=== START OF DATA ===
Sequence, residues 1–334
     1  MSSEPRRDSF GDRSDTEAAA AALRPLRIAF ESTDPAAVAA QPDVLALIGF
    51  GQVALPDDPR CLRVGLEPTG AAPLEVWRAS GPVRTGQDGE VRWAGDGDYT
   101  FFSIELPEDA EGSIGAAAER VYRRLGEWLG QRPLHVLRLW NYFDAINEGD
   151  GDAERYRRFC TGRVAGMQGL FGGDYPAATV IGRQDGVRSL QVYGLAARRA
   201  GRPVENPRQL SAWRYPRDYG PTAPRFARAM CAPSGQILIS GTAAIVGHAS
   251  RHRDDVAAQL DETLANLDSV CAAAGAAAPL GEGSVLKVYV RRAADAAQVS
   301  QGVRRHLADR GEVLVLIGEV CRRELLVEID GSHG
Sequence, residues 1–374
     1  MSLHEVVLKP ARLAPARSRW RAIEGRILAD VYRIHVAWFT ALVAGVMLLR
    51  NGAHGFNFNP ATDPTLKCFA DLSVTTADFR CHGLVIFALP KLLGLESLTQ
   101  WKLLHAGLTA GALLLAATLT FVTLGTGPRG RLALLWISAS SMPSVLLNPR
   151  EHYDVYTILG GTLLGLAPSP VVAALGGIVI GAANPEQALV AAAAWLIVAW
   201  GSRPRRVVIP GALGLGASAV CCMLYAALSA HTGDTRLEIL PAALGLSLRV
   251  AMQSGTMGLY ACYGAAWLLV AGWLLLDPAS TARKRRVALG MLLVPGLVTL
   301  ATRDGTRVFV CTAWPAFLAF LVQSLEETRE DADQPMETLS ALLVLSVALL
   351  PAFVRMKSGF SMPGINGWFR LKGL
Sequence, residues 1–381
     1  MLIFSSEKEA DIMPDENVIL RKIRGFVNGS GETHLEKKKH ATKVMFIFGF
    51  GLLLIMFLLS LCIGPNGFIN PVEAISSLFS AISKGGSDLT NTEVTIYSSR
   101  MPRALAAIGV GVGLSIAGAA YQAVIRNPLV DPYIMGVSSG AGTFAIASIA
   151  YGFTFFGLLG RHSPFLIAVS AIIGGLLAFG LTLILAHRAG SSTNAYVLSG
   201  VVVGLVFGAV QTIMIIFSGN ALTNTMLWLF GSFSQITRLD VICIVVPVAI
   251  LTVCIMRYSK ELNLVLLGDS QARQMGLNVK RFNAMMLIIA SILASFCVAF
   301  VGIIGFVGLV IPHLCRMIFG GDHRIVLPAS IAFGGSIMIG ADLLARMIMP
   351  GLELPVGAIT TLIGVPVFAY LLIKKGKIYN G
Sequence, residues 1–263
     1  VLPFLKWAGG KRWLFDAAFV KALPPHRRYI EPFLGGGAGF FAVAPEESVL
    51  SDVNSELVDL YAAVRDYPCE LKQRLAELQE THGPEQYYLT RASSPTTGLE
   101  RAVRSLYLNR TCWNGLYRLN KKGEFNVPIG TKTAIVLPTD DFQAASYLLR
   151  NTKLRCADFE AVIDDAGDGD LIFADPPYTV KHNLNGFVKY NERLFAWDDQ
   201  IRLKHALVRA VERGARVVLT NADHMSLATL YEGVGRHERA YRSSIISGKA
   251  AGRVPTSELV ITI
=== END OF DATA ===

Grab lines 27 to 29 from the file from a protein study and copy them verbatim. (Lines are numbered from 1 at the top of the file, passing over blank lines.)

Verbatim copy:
Sequence, residues 1–263
     1  VLPFLKWAGG KRWLFDAAFV KALPPHRRYI EPFLGGGAGF FAVAPEESVL
    51  SDVNSELVDL YAAVRDYPCE LKQRLAELQE THGPEQYYLT RASSPTTGLE